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How to reduce fear in healing anxiety and PTSD symptoms is a big issue for every survivor. After all, fear is the reason we experience anxiety. And PTSD symptoms are driven by fear in the extreme so…. how can we reduce it, and can it be beneficial in healing?
Actually, yes, fear can support recovery in ways that are so significant they can bust blocks, increase momentum and even lead you to straight into discovering how to heal symptoms of posttraumatic stress disorder. In a weird twist, learning to use fear in healing PTSD actually helps to reduce its effects.
For a long time during my battle with PTSD I fought fear in three really successful (I’m joking) ways:
All of these fear management tactices slowed my PTSD recovery process enormously. In addition to sapping me of energy I really could have used for healing suppression, denial and appeasement left me feeling powerless, hopeless, distracted.
If you’ve read about how I healed PTSD, then you know that the major turning point of my recovery happened when I stopped running from or managing fear and instead started engaging with it. In the end, the more I deliberately worked with my fear(s) — and there were many — the more quickly I healed.
When I began working with my fear rather than against it I discovered something I didn’t expect: The fear was guiding me. All those years I ran away from it, but it was trying to send me a message designed to help me. At the time I thought that was unique to my recovery, but over the past several years I’ve seen this same process happen for so many survivors around the world: We all try to escape fear only to discover we heal more quickly when we stop doing that.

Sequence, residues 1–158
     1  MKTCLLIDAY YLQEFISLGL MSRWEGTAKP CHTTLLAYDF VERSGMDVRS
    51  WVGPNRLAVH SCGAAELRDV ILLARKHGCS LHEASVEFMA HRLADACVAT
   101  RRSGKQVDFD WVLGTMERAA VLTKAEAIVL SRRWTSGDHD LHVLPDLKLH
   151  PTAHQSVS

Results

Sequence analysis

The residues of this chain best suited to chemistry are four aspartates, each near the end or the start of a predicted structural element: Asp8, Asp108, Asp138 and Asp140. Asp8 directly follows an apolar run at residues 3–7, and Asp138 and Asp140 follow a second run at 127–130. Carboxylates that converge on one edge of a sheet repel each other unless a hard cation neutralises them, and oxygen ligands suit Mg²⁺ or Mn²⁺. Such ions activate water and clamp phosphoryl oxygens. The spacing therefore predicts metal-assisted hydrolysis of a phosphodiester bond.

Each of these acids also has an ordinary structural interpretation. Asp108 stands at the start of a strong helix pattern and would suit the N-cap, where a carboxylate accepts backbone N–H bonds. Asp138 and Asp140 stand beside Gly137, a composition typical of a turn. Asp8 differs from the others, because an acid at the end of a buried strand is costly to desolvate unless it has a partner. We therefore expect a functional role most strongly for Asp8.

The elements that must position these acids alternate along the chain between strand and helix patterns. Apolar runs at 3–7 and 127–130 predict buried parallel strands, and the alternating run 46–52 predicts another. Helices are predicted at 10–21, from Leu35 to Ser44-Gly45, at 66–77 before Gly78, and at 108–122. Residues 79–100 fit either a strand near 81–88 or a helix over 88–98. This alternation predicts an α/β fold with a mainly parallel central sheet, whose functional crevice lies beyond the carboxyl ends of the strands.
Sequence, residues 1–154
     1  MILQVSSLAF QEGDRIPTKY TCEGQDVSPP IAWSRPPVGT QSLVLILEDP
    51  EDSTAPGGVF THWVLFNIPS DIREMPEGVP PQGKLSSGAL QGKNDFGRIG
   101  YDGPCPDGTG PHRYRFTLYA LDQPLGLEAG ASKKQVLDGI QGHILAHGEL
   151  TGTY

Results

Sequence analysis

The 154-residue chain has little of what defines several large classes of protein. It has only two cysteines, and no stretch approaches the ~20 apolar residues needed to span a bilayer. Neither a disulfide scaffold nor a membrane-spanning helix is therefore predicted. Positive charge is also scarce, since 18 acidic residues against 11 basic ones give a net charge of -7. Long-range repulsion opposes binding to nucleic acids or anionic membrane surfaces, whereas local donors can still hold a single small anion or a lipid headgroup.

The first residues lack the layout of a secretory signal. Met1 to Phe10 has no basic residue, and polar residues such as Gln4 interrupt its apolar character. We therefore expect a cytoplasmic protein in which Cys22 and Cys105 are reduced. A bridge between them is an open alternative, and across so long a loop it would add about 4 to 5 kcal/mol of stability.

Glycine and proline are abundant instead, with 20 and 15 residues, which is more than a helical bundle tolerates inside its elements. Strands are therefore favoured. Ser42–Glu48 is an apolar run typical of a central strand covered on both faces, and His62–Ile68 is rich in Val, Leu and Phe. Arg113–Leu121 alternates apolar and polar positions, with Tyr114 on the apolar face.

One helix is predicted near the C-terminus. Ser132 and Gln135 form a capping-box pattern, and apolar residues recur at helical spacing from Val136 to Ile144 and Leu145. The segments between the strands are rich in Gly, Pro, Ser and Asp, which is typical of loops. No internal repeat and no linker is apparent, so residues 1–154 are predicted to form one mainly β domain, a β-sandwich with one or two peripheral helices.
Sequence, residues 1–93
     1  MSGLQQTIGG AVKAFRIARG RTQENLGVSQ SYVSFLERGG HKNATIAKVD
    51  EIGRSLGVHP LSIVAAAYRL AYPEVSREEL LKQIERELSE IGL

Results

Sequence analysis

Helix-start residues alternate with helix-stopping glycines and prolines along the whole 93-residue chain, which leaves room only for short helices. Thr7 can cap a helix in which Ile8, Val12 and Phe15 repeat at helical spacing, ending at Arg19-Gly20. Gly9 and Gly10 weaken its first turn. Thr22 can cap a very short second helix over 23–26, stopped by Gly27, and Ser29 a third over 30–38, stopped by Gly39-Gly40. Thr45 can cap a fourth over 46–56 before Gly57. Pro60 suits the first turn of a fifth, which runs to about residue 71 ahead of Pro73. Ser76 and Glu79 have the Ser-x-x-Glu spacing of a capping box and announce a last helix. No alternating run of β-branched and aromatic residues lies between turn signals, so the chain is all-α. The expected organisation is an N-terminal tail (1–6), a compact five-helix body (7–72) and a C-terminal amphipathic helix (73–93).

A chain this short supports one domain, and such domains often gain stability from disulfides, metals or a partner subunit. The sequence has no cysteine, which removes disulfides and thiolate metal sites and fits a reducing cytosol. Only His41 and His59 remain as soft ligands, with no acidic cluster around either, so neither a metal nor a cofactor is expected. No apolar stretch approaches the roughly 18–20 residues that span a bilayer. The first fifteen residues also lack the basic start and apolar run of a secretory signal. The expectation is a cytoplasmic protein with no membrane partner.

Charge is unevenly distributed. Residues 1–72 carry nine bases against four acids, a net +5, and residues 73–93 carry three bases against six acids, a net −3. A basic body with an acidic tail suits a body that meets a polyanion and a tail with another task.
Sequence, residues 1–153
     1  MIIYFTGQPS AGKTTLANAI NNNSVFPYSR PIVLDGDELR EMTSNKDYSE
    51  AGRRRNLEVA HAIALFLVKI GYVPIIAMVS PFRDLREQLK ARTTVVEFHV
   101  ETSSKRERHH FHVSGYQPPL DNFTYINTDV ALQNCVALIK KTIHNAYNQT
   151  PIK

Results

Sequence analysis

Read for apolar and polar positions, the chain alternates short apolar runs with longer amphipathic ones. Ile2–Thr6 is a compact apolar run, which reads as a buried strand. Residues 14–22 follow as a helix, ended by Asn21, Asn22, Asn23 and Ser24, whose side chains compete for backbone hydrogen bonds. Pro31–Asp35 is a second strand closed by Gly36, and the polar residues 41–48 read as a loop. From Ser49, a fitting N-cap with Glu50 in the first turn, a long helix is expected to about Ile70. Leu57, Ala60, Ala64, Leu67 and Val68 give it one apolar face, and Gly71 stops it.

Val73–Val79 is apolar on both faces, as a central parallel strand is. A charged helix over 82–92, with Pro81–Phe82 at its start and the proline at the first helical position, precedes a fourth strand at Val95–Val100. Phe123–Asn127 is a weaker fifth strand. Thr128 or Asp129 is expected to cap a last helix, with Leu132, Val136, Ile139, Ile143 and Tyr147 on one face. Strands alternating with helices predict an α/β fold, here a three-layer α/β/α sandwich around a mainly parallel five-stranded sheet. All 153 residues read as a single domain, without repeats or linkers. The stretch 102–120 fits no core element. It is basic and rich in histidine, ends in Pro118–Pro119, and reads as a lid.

There are many reasons why this is true. Some of my top favorites are…
There are many reason to be tempted to dismiss fear as the enemy; this is a mistake. Fear is a mirror. It reflects back to you where you feel weak, powerless, unsure, uncertain and overwhelmed. But that’s not all.
In fear’s reflection are many positive elements, too. Fear lets you know who you are, what matters to you, where you need to grow and in what way you and/or your circumstances need to change so that you learn how to reduce symptoms of anxiety and PTSD. Fear has much to teach and it doesn’t all need to be learned at once. Engaging with fear can begin simply with conscious awareness, and by replacing resistance with acceptance.
When I started the process of engaging with fear I literally spent a day admitting it, saying to myself, “For such a long time I’ve been living in so much fear!” (Amazingly, this was a big revelation to me.) I also had sympathy and compassion for myself for feeling fear. Then, I wrote out a list of what I was afraid of. I still have the list. It completely covered both front and back of an 11 x 17 sheet of paper. From there I systematically started to address each item on the list.
As a catalyst, directly confronting fear can embolden recovery, remove resistance to the healing process (especially if that’s one of the things on your fear list) and give you a more clear strategy for the work that needs to be done. In a healing process that lacks a road map the street signs of fear can be tremendously useful in helping you chart a successful recovery route.
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